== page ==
Touchstone Medical Imaging Fined $3 Million by OCR for Extensive HIPAA Failures

The Department of Health and Human Services’ Office for Civil Rights (OCR) has announced a settlement has been reached with the Franklin, TN-based diagnostic medical imaging services company, Touchstone Medical Imaging. The settlement resolves multiple violations of HIPAA Rules discovered by OCR during the investigation of a 2014 data breach.

Touchstone Medical Imaging has agreed to a settlement of $3,000,000 to resolve the violations and will adopt a corrective action plan (CAP) to address its HIPAA compliance issues. The high settlement amount reflects widespread and prolonged noncompliance with HIPAA Rules. OCR alleged 8 separate violations across 10 HIPAA provisions. The settlement resolves the HIPAA case with no admission of liability.

On May 9, 2014, Touchstone Medical Imaging was informed by the FBI that one of its FTP servers was accessible over the Internet and allowed anonymous connections to a shared directory. The directory contained files that included the protected health information (PHI) of 307,839 individuals.

As a result of the lack of access controls, files had been indexed by search engines and could be found by the public with simple Internet searches. Even when the server was taken offline, patient information could still be accessed over the Internet. The failure to secure the server constituted a violation of 45 C.F.R. § 164.312(a)(1).

The security breach was reported to OCR, but Touchstone initially claimed that no PHI had been exposed. OCR launched an investigation into the breach and during the course of that investigation Touchstone admitted that PHI had in fact been exposed. The types of information that could be accessed over the internet included names, addresses, dates of birth, and Social Security numbers.

In addition to the impermissible disclosure of 307,839 individuals’ PHI – a violation of 45 C.F.R. § 164.502(a) – OCR discovered the security breach had not been properly investigated until September 26, 2014: Several months after Touchstone was initially notified about the breach by the FBI, and after notification had been given to OCR. The delayed breach investigation was a violation of 45 C.F.R. §164.308(a)(6)(ii).

As a result of the delayed investigation, affected individuals did not receive notifications about the exposure of their PHI until 147 days after the discovery of the breach: Well in excess of the 60-day Breach Notification Rule’s maximum time limit for issuing notifications. The delayed breach notices were a violation of 45 C.F.R. § 164.404. Similarly, a media notice was not issued about the breach for 147 days, in violation of 45 C.F.R. § 164.406.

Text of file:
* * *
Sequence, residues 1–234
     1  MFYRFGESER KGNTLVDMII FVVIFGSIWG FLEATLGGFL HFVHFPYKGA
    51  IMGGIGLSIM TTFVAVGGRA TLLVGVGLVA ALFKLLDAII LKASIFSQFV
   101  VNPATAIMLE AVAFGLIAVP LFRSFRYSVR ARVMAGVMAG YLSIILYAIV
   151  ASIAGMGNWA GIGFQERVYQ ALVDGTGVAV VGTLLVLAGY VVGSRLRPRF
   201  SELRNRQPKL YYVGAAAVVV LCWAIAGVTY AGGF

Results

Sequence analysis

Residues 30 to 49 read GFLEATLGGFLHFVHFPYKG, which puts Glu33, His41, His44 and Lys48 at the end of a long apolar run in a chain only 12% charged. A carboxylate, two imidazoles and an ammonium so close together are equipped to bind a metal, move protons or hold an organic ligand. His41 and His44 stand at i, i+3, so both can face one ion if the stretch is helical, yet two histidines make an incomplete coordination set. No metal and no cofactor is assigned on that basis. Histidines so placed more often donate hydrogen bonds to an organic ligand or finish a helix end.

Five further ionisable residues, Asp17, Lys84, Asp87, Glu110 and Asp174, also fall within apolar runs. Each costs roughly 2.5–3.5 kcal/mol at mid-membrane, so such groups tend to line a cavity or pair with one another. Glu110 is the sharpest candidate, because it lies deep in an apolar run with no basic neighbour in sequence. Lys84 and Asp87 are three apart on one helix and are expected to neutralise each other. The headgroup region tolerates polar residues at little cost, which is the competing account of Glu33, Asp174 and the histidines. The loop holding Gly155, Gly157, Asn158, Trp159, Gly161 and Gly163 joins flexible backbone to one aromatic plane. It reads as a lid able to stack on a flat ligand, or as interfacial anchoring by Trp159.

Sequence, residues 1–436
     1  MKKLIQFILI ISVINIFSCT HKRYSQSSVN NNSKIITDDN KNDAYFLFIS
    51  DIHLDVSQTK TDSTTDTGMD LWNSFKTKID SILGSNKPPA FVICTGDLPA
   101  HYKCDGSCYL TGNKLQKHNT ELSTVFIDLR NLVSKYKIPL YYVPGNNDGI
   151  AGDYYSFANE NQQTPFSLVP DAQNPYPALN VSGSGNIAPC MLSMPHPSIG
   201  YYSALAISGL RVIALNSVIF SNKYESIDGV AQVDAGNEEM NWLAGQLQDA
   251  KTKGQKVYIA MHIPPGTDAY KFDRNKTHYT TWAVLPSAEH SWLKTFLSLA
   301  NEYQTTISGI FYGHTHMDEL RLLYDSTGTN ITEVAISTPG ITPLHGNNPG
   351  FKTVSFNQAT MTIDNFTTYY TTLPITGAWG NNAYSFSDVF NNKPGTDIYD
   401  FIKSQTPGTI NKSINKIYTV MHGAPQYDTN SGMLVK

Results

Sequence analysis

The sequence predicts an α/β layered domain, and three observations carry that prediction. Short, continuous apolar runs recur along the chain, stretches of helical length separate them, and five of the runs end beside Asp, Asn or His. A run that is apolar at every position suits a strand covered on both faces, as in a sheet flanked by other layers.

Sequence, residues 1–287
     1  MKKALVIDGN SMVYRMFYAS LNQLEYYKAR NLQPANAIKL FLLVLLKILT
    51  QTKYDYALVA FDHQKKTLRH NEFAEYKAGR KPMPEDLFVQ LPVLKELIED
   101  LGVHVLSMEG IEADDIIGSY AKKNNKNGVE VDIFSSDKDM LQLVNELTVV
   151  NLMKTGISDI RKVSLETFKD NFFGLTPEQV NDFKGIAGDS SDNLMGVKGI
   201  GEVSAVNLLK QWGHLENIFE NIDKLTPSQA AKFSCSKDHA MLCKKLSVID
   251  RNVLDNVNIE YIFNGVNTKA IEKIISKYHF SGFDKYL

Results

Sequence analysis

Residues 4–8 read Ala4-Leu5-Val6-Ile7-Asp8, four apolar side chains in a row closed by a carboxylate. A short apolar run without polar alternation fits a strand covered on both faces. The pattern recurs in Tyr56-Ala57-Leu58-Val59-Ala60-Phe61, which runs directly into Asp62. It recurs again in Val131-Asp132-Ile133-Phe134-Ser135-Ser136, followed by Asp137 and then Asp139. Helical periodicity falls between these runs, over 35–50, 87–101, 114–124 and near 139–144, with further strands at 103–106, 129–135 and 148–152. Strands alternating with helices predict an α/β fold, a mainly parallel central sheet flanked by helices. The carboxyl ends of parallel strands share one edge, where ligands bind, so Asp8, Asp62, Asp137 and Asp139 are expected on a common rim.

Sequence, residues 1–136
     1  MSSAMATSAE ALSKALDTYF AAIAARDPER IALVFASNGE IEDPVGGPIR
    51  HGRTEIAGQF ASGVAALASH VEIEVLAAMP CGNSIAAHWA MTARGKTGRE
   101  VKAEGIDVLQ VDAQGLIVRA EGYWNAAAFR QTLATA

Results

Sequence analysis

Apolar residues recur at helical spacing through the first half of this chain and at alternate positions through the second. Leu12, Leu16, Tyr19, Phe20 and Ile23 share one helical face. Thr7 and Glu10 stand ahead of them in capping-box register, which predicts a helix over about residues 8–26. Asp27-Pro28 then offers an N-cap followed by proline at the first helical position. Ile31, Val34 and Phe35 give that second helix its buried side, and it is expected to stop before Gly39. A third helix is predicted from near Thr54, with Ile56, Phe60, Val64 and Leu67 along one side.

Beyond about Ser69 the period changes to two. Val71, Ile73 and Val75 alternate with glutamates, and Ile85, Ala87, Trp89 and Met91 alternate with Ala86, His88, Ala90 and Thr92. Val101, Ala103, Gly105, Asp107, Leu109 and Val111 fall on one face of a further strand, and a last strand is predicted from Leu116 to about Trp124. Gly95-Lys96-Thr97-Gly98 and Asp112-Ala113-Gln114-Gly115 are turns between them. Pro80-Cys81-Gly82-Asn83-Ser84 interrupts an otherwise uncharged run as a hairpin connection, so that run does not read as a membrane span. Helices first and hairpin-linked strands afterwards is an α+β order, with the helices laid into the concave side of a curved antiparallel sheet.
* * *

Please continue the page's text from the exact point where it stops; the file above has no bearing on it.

During the course of its investigation, OCR discovered that Touchstone had failed to complete a thorough, organization-wide risk analysis to identify all risks to the confidentiality, integrity, and availability of ePHI: A violation of 45 C.F.R. § 164.308(a)(1)(ii)(A).

OCR also identified two cases of Touchstone having failed to enter into a business associate agreement with vendors prior to providing access to systems containing ePHI.

OCR cites the use of an IT services company – MedIT Associates  – without a BAA as a violation 45 C.F.R. §§ 164.502(e)(2), 164.504(e), and 164.308(b), and the use of a third-party data center, XO Communications, without a BAA as a violation of 45 C.F.R. § 164.308(a)(1)(ii)(A).

In addition, in violation of 45 C.F.R. § 164.308(b), XO Communications continues to be used without a business associate agreement in place.

“Covered entities must respond to suspected and known security incidents with the seriousness they are due, especially after being notified by two law enforcement agencies of a problem,” said OCR Director Roger Severino.  “Neglecting to have a comprehensive, enterprise-wide risk analysis, as illustrated by this case, is a recipe for failure.”

The settlement comes just a few days after OCR announced it has reduced the maximum financial penalties for three of the four HITECH Act tiers of HIPAA violations. This settlement confirms that while minor HIPAA violations may now attract lower financial penalties, when serious violations of HIPAA Rules are discovered and healthcare organizations fail to take prompt action to correct violations, the financial penalties can be considerable.

Author: Steve Alder has many years of experience as a journalist, and comes from a background in market research. He is a specialist on legal and regulatory affairs, and has several years of experience writing about HIPAA. Steve holds a B.Sc. from the University of Liverpool.